When the layer of dew lifted, there on the surface of the wilderness was a fine flaky substance, as fine as frost on the ground. … Moses said to them, “It is the bread that the Lord has given you to eat. This is what the Lord has commanded: ‘Gather as much of it as each of you needs, an omer to a person according to the number of persons, all providing for those in their own tents.'”

The Israelites did so, some gathering more, some less. But when they measured it with an omer, those who gathered much had nothing over, and those who gathered little had no shortage; they gathered as much as each of them needed.

And Moses said to them, “Let no one leave any of it over until morning.” But they did not listen to Moses; some left part of it until morning, and it bred worms and became foul. And Moses was angry with them.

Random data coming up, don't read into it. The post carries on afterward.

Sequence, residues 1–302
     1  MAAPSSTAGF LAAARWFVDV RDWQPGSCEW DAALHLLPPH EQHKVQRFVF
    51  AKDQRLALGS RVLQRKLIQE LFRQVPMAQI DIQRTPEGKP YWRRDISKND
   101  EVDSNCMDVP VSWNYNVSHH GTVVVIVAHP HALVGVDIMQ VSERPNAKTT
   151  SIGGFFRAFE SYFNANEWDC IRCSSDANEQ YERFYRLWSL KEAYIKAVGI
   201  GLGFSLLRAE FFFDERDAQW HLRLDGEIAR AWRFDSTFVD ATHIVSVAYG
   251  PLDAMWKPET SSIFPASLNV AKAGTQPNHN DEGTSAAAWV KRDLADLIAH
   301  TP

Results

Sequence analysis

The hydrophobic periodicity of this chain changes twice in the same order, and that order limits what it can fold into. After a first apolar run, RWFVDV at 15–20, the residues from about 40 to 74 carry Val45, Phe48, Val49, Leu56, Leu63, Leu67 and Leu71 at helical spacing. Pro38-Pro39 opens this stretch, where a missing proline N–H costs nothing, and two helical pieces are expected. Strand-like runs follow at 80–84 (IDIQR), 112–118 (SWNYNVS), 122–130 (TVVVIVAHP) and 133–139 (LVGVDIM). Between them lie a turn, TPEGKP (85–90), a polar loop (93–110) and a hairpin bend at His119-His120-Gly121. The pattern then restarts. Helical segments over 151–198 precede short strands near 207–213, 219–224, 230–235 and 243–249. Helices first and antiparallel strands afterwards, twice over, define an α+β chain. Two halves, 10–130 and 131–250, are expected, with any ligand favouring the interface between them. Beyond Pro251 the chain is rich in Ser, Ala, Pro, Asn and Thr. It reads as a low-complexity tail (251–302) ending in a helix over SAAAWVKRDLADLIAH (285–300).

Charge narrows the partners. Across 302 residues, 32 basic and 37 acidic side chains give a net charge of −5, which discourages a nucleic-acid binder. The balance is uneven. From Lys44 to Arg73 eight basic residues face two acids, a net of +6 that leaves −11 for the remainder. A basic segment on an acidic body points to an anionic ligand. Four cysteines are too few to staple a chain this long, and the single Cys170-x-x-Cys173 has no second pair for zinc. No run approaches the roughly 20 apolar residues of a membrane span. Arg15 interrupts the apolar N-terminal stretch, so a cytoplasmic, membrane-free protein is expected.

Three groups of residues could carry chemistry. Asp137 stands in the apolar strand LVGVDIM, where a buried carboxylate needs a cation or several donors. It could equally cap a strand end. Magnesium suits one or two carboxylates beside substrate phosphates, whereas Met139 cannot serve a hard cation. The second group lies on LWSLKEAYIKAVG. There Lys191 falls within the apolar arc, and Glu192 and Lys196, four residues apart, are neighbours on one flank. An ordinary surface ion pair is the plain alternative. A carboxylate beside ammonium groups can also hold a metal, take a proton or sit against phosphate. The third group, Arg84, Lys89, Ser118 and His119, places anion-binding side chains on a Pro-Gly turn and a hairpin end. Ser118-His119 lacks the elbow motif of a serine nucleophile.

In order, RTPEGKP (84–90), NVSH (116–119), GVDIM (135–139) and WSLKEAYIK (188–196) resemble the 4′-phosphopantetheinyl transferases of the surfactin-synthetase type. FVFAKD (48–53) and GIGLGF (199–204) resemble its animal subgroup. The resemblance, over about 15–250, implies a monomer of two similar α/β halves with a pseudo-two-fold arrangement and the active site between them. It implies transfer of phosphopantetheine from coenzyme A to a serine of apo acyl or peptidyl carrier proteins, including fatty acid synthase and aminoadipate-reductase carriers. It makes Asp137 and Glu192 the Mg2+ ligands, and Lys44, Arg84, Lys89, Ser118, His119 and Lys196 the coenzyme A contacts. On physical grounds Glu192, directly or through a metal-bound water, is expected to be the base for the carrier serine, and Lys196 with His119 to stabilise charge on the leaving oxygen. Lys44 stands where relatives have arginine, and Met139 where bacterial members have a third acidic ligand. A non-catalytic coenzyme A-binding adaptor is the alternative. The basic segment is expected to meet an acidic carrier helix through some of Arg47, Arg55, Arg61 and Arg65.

Sexton’s reference to this story tackles its meaning head-on. She doesn’t flinch from the implications of it and she wrestles with those in her post.

Her approach is very different from that of the literalist evangelicals I’ve heard preach and teach from this passage. For them, the key thing was, as Matthew Hagee put it, “to say it happened,” to believe the manna was real — that the above story from Exodus 16 is a historical account of actual events. That was what they preached on and taught about. That was the first question they brought to this passage and the thing they treated as most important.

With manna as with Noah’s ark, the whole point of this obsession with historicity seemed to be to distract from the whole point of the story.



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  • Alanlionheart

    You are right
    It has also been used by many religious people whose Christianity I would question. But this is a sad example of people twisting Scripture to suit their own bigoted position.
    I guess we’ve all done that at one time or another and I include myself in that